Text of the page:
While Mindru Katz did not know Prokofiev personally, the Romanian pianist’s approach was very much in alignment with the composer’s. This reading of the Prelude in C Major Op.12 No.7 is magnificent example of how to play this the great Russian’s music without resorting to brittleness: what marvellous tone, glorious pedal effects, and elegant nuancing (his silky glissandi are amazing):

As previously revealed, Bartók witnessed his own music being banged despite his best efforts to demonstrate that this was not his intention. Fortunately he left behind quite a number of recordings — unfortunately most pianists nowadays don’t listen to them, and they really should. This 1940 account of five excerpts (140-144) from his Mikrokosmos Book VI is a fine example: the opening number in particular one would usually hear played with a harder edge to the sound. Notice how the composer eschews any aggression and how accents are pronounced without breaking the line or producing any harshness:

György Sándor was a wonderful pianist who studied with Bartók and like the composer he was capable of presenting the vivacious spirit of his music without any unpleasant sounds. This 1962 reading of the Six Dances in Bulgarian Rhythm is notable for its rhythmic vitality and transparency of texture:

Stravinsky was another of the major 20th century composers whose music has been played with aggression and a lack of tonal colour. The composer was not a top-tier pianist but he was quite capable performer, and in this 1934 recording of his Serenade, even in the opening loud passages the tone is full and strong without being brittle and hard:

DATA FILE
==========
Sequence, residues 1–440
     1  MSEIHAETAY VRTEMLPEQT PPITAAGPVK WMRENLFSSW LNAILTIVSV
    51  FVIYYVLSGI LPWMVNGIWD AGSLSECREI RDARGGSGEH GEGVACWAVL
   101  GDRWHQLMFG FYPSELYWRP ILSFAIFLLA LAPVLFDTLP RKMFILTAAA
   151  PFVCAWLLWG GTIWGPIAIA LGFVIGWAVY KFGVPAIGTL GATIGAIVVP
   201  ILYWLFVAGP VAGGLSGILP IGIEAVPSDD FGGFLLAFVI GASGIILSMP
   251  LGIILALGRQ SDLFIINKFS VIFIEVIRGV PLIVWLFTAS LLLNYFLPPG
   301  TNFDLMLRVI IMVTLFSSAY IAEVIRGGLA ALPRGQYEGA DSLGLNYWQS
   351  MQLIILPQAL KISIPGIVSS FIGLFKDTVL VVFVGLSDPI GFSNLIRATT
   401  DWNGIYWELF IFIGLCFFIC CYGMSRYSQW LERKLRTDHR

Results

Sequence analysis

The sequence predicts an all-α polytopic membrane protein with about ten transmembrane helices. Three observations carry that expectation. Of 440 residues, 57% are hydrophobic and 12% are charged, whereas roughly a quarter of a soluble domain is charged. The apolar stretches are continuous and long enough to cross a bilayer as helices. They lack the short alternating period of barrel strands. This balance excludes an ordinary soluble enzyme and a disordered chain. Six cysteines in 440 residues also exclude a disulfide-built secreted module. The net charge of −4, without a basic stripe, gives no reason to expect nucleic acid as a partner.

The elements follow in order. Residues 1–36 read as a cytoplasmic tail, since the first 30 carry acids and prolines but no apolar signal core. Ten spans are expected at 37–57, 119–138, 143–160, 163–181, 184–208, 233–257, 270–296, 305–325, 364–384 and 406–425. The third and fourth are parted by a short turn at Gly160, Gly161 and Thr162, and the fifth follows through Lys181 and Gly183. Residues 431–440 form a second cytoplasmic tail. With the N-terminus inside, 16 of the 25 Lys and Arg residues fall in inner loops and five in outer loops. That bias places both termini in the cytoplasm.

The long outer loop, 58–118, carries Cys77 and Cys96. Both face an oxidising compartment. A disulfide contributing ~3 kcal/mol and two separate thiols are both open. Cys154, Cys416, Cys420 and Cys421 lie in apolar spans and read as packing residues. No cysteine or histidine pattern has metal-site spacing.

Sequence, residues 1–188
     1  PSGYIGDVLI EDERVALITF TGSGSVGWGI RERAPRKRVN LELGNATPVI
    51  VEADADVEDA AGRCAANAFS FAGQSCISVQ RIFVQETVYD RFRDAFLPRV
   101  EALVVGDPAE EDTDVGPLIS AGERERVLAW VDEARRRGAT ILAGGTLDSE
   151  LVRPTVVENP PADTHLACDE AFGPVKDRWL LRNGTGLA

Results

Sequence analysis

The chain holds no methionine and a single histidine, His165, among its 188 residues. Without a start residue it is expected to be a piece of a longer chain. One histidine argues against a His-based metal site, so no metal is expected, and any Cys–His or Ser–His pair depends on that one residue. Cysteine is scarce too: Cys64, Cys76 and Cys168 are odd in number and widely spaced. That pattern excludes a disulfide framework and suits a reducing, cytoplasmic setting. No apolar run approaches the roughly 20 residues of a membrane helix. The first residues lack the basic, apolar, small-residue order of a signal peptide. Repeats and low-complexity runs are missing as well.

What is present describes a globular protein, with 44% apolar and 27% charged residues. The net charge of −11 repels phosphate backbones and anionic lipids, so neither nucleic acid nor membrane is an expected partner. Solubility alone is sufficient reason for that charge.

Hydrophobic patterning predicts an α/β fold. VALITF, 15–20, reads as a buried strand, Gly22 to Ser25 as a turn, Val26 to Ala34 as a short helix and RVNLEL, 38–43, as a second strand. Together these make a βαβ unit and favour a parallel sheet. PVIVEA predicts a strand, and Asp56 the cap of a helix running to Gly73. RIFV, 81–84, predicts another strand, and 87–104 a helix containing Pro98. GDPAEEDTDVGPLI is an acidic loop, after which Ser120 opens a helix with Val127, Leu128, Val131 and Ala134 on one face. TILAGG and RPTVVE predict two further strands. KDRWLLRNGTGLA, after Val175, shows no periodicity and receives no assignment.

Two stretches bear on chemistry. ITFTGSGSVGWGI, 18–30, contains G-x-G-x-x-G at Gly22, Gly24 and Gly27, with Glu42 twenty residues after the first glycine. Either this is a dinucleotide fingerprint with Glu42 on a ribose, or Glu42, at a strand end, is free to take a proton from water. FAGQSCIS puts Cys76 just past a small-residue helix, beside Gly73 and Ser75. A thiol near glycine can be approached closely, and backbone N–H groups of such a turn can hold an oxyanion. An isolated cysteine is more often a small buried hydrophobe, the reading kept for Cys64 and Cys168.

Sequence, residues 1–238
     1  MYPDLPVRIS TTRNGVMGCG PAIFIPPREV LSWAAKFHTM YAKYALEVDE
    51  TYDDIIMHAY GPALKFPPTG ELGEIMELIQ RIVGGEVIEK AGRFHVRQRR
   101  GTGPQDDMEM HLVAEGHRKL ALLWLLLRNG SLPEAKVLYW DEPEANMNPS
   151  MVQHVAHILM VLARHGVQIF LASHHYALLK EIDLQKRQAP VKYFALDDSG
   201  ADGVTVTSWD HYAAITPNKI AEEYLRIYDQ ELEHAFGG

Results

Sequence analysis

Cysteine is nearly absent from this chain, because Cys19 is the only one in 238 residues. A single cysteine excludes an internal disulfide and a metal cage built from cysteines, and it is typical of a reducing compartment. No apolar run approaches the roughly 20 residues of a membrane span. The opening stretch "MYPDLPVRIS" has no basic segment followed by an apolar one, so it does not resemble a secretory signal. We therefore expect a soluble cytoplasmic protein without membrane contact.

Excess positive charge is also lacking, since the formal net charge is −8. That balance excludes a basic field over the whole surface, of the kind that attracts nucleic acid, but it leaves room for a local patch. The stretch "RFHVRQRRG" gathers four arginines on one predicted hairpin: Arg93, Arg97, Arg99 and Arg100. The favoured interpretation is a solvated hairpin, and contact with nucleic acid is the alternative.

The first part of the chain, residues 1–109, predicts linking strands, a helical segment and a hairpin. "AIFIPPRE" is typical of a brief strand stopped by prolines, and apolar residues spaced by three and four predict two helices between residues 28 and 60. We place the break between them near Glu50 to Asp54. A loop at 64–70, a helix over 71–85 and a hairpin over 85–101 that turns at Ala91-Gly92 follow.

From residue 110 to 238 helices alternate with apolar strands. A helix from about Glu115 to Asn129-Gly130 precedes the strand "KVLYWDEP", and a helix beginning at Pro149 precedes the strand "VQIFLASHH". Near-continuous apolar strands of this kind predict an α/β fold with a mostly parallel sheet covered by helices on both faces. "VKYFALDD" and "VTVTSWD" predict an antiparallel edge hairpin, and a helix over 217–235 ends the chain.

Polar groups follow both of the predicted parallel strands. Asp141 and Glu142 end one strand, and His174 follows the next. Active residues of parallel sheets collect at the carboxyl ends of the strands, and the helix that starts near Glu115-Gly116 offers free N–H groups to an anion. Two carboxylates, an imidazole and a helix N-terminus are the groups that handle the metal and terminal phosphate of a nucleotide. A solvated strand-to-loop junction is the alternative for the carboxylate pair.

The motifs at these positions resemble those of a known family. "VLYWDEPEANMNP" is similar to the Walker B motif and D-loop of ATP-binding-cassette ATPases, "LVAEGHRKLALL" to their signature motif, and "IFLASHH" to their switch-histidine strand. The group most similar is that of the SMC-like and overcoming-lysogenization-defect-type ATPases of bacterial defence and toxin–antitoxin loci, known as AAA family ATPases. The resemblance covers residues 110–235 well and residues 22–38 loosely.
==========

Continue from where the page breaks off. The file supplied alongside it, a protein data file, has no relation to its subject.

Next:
Marcelle Meyer was a pianist who worked with many of the most legendary composers of the early 20th century — Debussy, Ravel, Satie, Milhaud, and Stravinsky, and many others. After hearing her play privately with Ravel, Stravinsky immediately booked her to play Petrouchka with orchestra and later invited her to be one of the four pianists in the world premiere of Les Noces, so it is safe to say he liked her playing.

Meyer recorded quite a few works by the composer (including the Serenade the composer played above), and one of the most interesting is among the first accounts on record of the complete Trois mouvements de Petrouchka, an incredibly challenging suite the composer dedicated to Arthur Rubinstein, who found it so difficult that he was unable to master until many years later. Nowadays it is often played as a virtuosic showpiece, with incisive rhythm and harsh tone, but Meyer has a completely different approach: her articulation is more relaxed so that it sounds almost jazz-like — and considering that ballet Petrouchka centres around a rag doll that came to life, this more playful character is far more evocative while also being similar to how the composer himself played in the recordings he left us.